1. A process for selectively desulfurizing a gas containing both hydrogen sulfide and carbon dioxide with sulfur dioxide production, which process comprises the steps of:
(a) contacting said gas with an aqueous absorption solution of sodium hydroxide, potassium hydroxide or ammonia to absorb said hydrogen sulfide and said carbon dioxide as sodium sulfide, potassium sulfide or ammonium sulfide respectively and sodium carbonate, potassium carbonate or ammonium carbonate, respectively;
(b) reacting resultant sulfide and carbonate-containing solution from step (a) with copper oxide to form a precipitate consisting essentially of copper sulfide, and to produce additional sodium hydroxide, potassium hydroxide or ammonia in the solution;
(c) separating said precipitate consisting essentially of copper sulfide from resultant solution of step (b);
(d) roasting separated copper sulfide precipitate from step (c) to convert said copper sulfide to copper oxide and sulfur dioxide, and separately recovering resultant copper oxide and a sulfur dioxide containing gas;
(e) recycling resultant copper oxide from step (d) to step (b) as said copper oxide, and (f) recycling separated solution from step (c) to step (a) as said aqueous absorption solution.
2. A process according to claim 1, wherein copper oxide is utilized in the dry state.
3. A process according to claim 1, wherein copper oxide is utilized as a suspension in water.
4. A process according to claim 1, wherein the separated copper sulfide precipitate from step (c) is washed with water before said roasting of step (d).
5. A process according to claim 1, wherein the absorption solution of step (a) is an ammonia solution and the separated solution from step (c), which comprises both ammonia and a copper ammonia complex salt, is subjected to ammonia stripping conditions to seprately obtain gaseous ammonia and to decompose the copper ammonia complex salt to form an aqueous suspension of copper oxide, and recycling resultant gaseous ammonia to step (a).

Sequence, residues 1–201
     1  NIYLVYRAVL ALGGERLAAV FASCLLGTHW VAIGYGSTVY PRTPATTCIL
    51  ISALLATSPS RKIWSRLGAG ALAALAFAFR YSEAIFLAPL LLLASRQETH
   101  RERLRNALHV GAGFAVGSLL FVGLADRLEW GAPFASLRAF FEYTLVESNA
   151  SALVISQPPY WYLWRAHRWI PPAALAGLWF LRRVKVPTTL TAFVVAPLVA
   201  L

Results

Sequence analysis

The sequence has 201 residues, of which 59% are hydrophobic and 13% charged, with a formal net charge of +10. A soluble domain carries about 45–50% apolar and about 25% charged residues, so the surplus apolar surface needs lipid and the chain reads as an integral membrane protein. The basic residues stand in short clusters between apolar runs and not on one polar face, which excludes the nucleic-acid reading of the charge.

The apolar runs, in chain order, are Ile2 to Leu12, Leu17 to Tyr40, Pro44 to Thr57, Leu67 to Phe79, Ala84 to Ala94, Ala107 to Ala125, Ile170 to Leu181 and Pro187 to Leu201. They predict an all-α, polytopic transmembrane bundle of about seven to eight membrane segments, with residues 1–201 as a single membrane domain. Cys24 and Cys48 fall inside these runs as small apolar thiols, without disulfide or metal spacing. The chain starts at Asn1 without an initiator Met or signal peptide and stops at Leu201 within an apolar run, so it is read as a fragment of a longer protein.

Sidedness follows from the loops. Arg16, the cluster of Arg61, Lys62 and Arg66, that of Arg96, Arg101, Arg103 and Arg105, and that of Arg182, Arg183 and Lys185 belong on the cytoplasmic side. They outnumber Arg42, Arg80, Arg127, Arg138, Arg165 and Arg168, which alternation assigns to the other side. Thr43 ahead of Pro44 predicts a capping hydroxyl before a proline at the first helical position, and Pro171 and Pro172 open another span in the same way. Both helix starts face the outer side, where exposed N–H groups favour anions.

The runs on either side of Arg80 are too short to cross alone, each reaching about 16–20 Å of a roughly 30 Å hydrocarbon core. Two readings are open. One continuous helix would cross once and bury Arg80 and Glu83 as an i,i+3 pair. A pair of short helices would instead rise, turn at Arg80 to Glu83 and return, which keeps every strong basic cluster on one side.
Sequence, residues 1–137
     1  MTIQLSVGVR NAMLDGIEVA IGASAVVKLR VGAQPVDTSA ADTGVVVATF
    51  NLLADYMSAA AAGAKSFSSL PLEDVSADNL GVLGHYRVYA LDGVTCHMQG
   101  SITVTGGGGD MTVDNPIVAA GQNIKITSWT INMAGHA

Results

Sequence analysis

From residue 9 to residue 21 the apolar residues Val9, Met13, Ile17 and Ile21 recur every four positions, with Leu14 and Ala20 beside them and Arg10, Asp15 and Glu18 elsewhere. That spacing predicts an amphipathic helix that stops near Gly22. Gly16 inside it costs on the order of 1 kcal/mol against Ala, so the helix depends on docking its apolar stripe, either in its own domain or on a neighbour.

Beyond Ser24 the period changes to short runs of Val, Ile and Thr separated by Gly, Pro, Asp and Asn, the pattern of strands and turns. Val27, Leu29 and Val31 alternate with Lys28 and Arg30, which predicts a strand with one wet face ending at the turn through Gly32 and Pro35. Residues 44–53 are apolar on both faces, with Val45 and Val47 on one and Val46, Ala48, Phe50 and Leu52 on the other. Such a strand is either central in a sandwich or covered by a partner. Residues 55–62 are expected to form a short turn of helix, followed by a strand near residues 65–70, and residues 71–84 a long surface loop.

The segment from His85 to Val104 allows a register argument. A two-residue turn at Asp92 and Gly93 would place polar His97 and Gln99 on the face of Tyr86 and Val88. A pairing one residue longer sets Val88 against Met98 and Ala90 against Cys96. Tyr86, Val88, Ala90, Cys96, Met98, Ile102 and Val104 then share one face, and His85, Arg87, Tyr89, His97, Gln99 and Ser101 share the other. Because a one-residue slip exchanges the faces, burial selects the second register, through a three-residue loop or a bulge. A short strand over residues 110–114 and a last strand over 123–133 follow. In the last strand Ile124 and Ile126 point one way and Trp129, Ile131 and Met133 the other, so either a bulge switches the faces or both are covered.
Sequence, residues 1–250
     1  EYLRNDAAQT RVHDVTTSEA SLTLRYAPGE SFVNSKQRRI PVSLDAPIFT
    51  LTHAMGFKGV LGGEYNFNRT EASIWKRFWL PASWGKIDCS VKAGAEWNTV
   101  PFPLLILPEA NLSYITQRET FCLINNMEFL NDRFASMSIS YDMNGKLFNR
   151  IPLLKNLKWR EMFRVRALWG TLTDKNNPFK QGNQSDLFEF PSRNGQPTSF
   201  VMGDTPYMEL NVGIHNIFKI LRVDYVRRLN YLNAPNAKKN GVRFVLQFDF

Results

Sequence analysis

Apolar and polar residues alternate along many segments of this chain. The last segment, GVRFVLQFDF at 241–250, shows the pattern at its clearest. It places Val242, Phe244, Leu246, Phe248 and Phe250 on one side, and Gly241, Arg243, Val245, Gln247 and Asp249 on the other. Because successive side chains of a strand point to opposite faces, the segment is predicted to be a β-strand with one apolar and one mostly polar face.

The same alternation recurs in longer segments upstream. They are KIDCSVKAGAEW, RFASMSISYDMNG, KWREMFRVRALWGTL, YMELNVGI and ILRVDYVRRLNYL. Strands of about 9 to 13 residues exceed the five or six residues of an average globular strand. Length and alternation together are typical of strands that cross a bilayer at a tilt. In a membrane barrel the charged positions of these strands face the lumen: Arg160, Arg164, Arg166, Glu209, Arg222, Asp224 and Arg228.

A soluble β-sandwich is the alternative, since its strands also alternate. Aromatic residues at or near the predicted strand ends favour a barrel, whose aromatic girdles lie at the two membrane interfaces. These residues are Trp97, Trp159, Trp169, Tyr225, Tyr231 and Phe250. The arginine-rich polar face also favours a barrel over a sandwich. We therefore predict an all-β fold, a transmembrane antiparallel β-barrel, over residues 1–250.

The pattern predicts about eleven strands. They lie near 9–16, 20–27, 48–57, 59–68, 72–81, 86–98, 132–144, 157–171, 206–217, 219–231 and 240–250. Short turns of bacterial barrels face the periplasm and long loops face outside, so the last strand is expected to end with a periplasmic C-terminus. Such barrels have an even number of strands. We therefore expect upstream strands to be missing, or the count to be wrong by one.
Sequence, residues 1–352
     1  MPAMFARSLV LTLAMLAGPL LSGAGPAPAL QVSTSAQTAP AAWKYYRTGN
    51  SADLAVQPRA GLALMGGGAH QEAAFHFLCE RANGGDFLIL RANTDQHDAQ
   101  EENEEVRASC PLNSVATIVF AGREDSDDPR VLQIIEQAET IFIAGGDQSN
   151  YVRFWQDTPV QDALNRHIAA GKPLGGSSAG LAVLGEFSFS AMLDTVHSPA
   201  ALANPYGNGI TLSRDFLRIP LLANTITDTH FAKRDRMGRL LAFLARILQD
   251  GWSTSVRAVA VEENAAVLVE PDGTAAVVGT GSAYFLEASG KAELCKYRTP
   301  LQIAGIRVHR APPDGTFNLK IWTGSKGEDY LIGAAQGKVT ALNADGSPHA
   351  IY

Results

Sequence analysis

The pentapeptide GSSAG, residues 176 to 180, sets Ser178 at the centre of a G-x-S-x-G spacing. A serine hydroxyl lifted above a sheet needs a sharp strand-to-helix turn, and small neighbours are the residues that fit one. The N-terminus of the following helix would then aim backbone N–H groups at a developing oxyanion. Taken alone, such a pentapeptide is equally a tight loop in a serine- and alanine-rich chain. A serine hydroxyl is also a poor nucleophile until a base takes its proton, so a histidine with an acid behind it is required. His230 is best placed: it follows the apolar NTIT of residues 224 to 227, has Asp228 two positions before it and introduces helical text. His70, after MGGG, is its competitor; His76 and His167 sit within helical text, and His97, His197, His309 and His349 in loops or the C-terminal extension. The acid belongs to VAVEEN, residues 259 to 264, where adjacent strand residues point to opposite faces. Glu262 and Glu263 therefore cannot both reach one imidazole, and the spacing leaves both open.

6. A process according to claim 5, wherein said separated copper sulfide precipitate from step (c) is washed with said obtained aqueous suspension of copper oxide before said roasting of step (d).
7. A process according to claim 1, wherein the reacting conditions of step (b) comprise a temperature range of at least 0° C. to at most the boiling point of the resultant solution from step (a).
8. A process according to claim 1, wherein the reacting conditions of step (b) comprise a temperature of about 20°-60° C.
9. A process according to claim 1, wherein the roasting conditions of step (d) comprise a temperature of 600°-1100° C.
10. A process according to claim 1, wherein the roasting step (d) is conducted in two stages: first, at 100°-300° C. and then at 700°-900° C.
US05/889,803 1977-03-25 1978-03-24 Process for removing H2 S and CO2 from gases and regenerating the adsorbing solution Expired - Lifetime US4163043A (en)

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BE (1) BE865066A (en)
CA (1) CA1106348A (en)
DE (1) DE2812448A1 (en)
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Cited By (18)

* Cited by examiner, † Cited by third party
Publication number Priority date Publication date Assignee Title
US4981556A (en) * 1986-08-14 1991-01-01 Alby Klorat Ab Process for the preparation of sulfide-free alkali liquor using copperoxide
US5508018A (en) * 1995-05-02 1996-04-16 Exxon Research And Engineering Company Process for the regeneration of sodium hydroxide from sodium sulfide
US5626742A (en) * 1995-05-02 1997-05-06 Exxon Reseach & Engineering Company Continuous in-situ process for upgrading heavy oil using aqueous base
US5635056A (en) 1995-05-02 1997-06-03 Exxon Research And Engineering Company Continuous in-situ process for upgrading heavy oil using aqueous base
US5695632A (en) * 1995-05-02 1997-12-09 Exxon Research And Engineering Company Continuous in-situ combination process for upgrading heavy oil
US5774490A (en) * 1996-10-07 1998-06-30 The United States Of America As Represented By The Secretary Of The Air Force Diode-pumped Tm: YAG/HBr four micron laser system
US5792438A (en) * 1996-08-20 1998-08-11 The Sulfatreat Company Process and composition for increasing the reactivity of sulfur scavenging iron oxides
US5858912A (en) * 1997-04-02 1999-01-12 The Sulfatreat Company Non-aqueous liquids for moistening an oxide-bearing carrier in sulfur sweetening